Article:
Air

Never could breathe
When in your air.

You, your perfume,
Or something in the scent of you
Clogged my nose,
My sinuses,
My bronchial tubes
With fluid like cement,
Leaving me no air
To live on.

Really, suffocation
Never felt so sweet.

You were warmth personified
Like fire you fed on the oxygen
Whenever you wanted,
Wherever you were.
But God, it felt like heaven
To warm myself near your flames.
Until it felt like hell
And I burned in the flames,
Sucking in nothing but smoke.

Now, from the ashes,
I rise and breathe.


Once again,
I know the air.

She Carries

A lazy weekend morning dawns,
As I drink my morning coffee
Wishing for a morning cigarette,
Or more precisely, that I still smoked,
I think of the women I have known.
The beauty, passion, love, heartache of each;
Some leaving a bitter aftertaste,
Some a sweetness lingering in memory,
Some could ignite burning still,
Some inspire an icy chill
In a frostbitten heart.
Though none is as they were
So long ago,
If in a room
All could be collected,
An eclectic collection it would be
Of age and size and color,
Of eye and hair and skin,
Of butch and femme
And somewhere in between.
Each beautiful in her way
And in my eyes.
Each carries a collection of
All my would haves,
And should haves,
And could haves.
Perhaps three or four
Carry all my what if’s
And if only’s.
Two maybe three
Carry all my regrets.
One maybe two
Carry the burden of my sins.
One, just one,
Carried my faith.

But only one–
Yes, only one—
Too amazing for belief,
Carried, for a time, too brief,
My heart and my soul.

No Art

This was written after I completed 
a five mile hike and then picked up 
a volume of Elizabeth Bishop's poetry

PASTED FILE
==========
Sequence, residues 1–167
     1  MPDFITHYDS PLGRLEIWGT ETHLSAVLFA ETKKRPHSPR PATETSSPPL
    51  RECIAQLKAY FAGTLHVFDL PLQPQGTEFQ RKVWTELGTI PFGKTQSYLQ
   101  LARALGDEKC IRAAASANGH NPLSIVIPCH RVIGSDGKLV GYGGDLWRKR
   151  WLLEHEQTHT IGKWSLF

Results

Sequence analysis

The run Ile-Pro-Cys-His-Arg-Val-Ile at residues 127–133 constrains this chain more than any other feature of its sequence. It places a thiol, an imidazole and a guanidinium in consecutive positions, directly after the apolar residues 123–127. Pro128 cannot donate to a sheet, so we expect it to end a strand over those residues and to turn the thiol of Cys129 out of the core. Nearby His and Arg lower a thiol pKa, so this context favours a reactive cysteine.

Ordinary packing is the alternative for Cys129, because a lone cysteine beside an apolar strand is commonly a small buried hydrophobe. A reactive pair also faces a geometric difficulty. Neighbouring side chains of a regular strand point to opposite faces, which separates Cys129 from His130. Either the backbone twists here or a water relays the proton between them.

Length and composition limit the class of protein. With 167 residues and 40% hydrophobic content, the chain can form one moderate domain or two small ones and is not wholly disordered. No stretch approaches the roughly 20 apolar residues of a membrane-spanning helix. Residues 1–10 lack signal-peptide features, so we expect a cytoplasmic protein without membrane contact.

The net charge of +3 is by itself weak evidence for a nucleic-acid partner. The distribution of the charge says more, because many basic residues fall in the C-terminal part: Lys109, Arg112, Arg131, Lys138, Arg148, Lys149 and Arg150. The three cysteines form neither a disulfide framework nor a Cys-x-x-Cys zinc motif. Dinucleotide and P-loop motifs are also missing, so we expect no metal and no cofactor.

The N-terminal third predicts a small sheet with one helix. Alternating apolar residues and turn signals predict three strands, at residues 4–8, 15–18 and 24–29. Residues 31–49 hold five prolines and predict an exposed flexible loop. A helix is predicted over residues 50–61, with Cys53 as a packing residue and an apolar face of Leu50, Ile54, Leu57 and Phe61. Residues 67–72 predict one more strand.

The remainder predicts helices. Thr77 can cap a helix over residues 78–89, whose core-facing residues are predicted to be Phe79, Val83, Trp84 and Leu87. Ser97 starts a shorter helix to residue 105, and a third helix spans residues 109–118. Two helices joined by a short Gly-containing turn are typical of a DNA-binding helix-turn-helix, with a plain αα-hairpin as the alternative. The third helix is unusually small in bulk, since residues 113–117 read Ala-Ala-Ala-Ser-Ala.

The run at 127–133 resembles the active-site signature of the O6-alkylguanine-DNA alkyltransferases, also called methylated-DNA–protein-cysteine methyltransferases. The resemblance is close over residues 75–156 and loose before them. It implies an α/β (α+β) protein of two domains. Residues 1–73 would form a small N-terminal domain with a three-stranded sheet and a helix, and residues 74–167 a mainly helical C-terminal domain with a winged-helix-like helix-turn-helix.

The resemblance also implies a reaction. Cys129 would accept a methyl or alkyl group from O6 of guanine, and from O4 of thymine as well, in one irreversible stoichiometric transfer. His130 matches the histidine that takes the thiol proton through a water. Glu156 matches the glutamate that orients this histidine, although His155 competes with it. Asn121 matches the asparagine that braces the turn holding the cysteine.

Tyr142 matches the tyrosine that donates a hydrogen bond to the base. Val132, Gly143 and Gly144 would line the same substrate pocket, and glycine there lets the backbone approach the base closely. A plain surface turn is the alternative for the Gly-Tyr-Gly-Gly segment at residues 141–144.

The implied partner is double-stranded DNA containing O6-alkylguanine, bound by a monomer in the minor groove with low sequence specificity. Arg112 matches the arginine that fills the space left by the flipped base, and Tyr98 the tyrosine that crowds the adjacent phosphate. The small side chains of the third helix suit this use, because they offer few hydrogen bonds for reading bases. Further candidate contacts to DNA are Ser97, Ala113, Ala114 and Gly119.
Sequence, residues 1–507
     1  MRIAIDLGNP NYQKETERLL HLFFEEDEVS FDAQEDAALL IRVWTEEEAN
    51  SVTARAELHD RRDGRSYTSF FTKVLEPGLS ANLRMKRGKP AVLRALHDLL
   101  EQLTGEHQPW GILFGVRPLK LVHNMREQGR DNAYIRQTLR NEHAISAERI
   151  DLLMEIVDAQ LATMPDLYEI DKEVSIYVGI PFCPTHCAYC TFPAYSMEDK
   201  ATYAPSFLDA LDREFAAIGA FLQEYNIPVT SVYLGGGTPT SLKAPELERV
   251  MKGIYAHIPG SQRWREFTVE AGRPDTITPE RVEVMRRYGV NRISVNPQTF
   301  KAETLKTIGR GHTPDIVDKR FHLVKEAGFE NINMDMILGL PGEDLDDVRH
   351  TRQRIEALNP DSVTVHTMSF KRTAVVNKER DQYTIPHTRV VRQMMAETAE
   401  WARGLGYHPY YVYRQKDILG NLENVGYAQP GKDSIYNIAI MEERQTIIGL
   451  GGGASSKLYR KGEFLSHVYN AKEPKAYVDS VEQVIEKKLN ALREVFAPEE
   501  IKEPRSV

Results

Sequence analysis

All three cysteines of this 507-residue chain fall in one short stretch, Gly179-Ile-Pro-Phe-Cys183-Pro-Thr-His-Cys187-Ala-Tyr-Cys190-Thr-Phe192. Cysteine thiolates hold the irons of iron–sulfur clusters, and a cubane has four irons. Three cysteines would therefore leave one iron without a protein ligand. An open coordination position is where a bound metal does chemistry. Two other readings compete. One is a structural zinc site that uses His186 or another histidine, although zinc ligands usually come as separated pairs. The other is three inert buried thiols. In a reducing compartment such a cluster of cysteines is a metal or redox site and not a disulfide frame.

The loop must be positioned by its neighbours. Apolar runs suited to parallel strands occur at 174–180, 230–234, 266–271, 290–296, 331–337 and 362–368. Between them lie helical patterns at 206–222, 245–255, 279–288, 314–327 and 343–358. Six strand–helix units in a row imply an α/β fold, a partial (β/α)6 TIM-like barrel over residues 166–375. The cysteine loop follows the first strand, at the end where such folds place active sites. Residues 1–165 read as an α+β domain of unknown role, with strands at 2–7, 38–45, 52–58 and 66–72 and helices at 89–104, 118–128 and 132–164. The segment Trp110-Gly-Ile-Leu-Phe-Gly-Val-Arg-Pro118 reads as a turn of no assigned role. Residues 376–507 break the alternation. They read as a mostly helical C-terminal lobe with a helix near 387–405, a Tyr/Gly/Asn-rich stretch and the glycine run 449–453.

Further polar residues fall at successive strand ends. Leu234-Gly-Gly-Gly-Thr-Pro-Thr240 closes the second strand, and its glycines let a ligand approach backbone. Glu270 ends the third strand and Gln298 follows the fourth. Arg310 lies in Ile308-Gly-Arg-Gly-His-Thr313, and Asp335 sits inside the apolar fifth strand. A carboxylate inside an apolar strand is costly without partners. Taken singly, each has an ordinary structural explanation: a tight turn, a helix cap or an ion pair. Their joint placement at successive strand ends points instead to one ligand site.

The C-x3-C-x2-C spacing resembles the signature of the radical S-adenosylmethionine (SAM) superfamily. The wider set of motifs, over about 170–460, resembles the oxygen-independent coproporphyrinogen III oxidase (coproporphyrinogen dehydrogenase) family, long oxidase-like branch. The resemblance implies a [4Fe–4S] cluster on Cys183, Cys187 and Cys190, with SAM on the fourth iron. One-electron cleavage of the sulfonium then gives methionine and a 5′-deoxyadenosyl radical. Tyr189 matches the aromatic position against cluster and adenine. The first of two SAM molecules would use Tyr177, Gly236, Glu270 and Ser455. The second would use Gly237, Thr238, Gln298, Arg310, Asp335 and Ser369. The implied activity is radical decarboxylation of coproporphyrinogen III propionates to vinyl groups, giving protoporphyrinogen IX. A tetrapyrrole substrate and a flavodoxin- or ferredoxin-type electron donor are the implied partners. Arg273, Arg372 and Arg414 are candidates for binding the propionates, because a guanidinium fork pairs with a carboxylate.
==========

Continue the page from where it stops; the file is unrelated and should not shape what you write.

to enjoy once again on a sunny afternoon.  
My answer to Bishop's poem, One Art.
 In this thing called losing,
 Bishop said we become masters
 And that losing isn’t a disaster.
  
 No, Not a disaster.
 Losing socks and such stuff.
 I’ve lost earrings, bracelets,
 Expensive ones too, didn’t care
 Beyond maybe a minute or two.
  
 And no pain beyond a stab of nostalgia
 Did I have upon saying goodbye 
 To three houses and two cities.
  
 And yes, it was no disaster
 To bury my mother, 
 A father who really wasn’t,
 The man who really was,
 First one brother, then the other,
 Then lastly, a wife.
 With each, my body and soul
 Savaged by a hurricane, catastrophic, yes.
 But no, no disaster.
  
 Except perhaps, yes, I’ll admit, 
 A tiny bit of soul eroded 
 From the waves of each hurricane
 Breaking over me as I buried each.
 And nothing, nothing did I master.
  
 Except, maybe this—
 I did not look for them
 Since they were gone,
 Emptied of this earth.
  
 Now, there is you and
 I look for you
 In everything I do--
 Every sunset
 Every sunrise
 Every in between time.
  
 I look for you in strangers,
 In cars I pass along the street.
 I look for you at festivals,
 In films I see.
 I look for you in places,
 In the sky of Ruidoso,
 In bars,
 In restaurants,
 In the eyes of strangers, 
 I look for you.
  
 I look for you in all this.
 And in this thing
 Called losing, 
 In which I am well-schooled,
 As are we all, 
 I have tried to make an art,
 To make an art of all this loss.
  
 Yes, this may be no real disaster,
 But Bishop lied.
 There is no art in losing,
 No art at all,
 That I can find to master.